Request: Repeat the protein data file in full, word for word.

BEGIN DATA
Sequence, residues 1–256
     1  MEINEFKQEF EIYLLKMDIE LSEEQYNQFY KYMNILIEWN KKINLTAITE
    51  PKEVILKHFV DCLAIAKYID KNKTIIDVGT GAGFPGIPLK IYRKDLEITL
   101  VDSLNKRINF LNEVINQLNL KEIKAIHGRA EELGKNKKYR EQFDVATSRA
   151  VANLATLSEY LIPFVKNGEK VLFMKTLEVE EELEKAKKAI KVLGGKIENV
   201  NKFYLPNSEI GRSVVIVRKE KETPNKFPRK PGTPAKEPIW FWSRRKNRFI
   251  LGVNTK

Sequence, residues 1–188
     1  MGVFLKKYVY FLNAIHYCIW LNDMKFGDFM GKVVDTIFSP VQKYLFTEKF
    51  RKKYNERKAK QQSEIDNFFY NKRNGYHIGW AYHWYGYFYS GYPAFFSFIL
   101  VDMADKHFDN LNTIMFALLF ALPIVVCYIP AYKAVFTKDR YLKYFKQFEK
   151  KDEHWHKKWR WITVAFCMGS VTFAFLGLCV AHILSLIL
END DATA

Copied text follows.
Sequence, residues 1–256
     1  MEINEFKQEF EIYLLKMDIE LSEEQYNQFY KYMNILIEWN KKINLTAITE
    51  PKEVILKHFV DCLAIAKYID KNKTIIDVGT GAGFPGIPLK IYRKDLEITL
   101  VDSLNKRINF LNEVINQLNL KEIKAIHGRA EELGKNKKYR EQFDVATSRA
   151  VANLATLSEY LIPFVKNGEK VLFMKTLEVE EELEKAKKAI KVLGGKIENV
   201  NKFYLPNSEI GRSVVIVRKE KETPNKFPRK PGTPAKEPIW FWSRRKNRFI
   251  LGVNTK

Sequence, residues 1–188
     1  MGVFLKKYVY FLNAIHYCIW LNDMKFGDFM GKVVDTIFSP VQKYLFTEKF
    51  RKKYNERKAK QQSEIDNFFY NKRNGYHIGW AYHWYGYFYS GYPAFFSFIL
   101  VDMADKHFDN LNTIMFALLF ALPIVVCYIP AYKAVFTKDR YLKYFKQFEK
   151  KDEHWHKKWR WITVAFCMGS VTFAFLGLCV AHILSLIL